If there was more than a 5% probability that a CRAT would be exhausted during the payout recipient’s life, no federal income tax charitable deduction would be allowed with respect to the CRAT. Some years later, the IRS made it crystal clear if a trust set up as a CRAT flunked the 5% Test, it wouldn’t qualify as a CRAT.
The 5% Test only applies to a CRAT for one or more lives.
It doesn’t apply to a CRAT for a fixed term of years, a CRUT or a gift annuity. The IRS hasn’t said whether it applies to a charitable lead annuity trust (CLAT) set up to run for an individual’s life.
Now, in our low-interest-rate environment, which some economic experts predict will last for a couple more years, it’s basically impossible to set up a CRAT for life that won’t flunk the 5% Test. Why? Because the IRS discount rate (0.6% as of this writing) is the assumed earnings rate of a CRAT. Low earnings mean early exhaustion.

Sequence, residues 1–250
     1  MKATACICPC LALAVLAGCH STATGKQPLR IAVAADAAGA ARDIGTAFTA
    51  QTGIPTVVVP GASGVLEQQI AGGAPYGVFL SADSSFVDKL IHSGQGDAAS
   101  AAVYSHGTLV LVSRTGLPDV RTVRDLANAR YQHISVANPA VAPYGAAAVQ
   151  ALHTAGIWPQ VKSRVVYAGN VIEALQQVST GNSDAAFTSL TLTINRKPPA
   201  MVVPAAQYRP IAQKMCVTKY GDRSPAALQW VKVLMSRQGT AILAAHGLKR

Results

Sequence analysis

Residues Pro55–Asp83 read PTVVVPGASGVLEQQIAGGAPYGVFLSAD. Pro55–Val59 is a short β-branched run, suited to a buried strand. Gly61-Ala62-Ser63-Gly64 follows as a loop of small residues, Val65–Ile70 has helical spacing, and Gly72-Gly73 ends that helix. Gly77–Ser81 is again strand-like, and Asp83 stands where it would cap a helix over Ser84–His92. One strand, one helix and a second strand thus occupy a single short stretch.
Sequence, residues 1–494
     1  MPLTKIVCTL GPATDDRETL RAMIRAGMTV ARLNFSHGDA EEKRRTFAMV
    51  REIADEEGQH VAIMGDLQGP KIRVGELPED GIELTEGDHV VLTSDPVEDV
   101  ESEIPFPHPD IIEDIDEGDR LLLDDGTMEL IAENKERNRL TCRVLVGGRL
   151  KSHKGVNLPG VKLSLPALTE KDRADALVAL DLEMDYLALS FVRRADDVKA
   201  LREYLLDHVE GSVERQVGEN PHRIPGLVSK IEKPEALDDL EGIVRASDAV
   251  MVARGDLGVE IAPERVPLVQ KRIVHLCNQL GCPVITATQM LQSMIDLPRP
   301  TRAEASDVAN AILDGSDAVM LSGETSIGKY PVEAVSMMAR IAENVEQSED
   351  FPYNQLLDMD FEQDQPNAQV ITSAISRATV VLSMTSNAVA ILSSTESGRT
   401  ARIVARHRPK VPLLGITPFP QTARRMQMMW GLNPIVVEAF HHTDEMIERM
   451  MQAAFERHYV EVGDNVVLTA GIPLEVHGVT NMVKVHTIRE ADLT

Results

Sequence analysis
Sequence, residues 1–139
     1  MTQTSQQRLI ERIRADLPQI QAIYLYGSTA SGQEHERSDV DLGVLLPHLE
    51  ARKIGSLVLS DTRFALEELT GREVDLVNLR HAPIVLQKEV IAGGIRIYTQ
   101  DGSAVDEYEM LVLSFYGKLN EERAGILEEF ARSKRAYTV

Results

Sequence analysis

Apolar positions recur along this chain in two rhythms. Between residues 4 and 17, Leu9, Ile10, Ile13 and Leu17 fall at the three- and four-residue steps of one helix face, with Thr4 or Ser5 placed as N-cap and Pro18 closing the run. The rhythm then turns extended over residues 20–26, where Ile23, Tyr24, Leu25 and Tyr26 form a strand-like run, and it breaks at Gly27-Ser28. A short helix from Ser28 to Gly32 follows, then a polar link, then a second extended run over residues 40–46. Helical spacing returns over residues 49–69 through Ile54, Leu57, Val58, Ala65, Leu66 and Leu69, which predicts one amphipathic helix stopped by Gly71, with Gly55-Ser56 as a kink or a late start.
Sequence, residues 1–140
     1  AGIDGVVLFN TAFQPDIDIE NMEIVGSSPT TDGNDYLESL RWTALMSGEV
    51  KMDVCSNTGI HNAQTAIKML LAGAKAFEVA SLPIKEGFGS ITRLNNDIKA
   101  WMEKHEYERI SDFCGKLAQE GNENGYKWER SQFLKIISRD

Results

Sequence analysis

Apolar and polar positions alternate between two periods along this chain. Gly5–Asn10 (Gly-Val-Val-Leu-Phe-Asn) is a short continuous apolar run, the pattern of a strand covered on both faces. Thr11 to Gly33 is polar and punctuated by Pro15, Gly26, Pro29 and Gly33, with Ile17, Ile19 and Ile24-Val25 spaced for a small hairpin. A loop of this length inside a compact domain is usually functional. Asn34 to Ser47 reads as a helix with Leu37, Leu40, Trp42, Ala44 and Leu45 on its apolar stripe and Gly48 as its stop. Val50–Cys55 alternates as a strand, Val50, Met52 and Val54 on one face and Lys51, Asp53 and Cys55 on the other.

But the IRS said in recent years there’s a provision that can be put in a CRAT instrument that will make the 5% Test inapplicable to the CRAT.
What provision? A provision that basically says if a required CRAT payout would drop the value of CRAT assets below 10% of the CRAT’s initial asset value, the CRAT trustee shall not make the payout, and the CRAT shall thereupon terminate and distribute all of its assets to charity.
Historically, in times of low inflation and low interest rates, fixed payment plans (CRATs and gift annuities) have been in demand. Given the damage to the U.S. economy in 2020, perhaps low inflation and low interest rates will prevail for some years and thus make CRATs and gift annuities attractive to donors.
By Jon Tidd
Sharpe Group will continue to post helpful information for you here on our blog and on our social media sites. If this blog was shared with you and you wish to sign up, you can do so at www.SHARPEnet.com/blog.
We welcome questions you’d like us to address. Email us at info@SHARPEnet.com and we’ll share your question and our thoughts in this blog and on social media.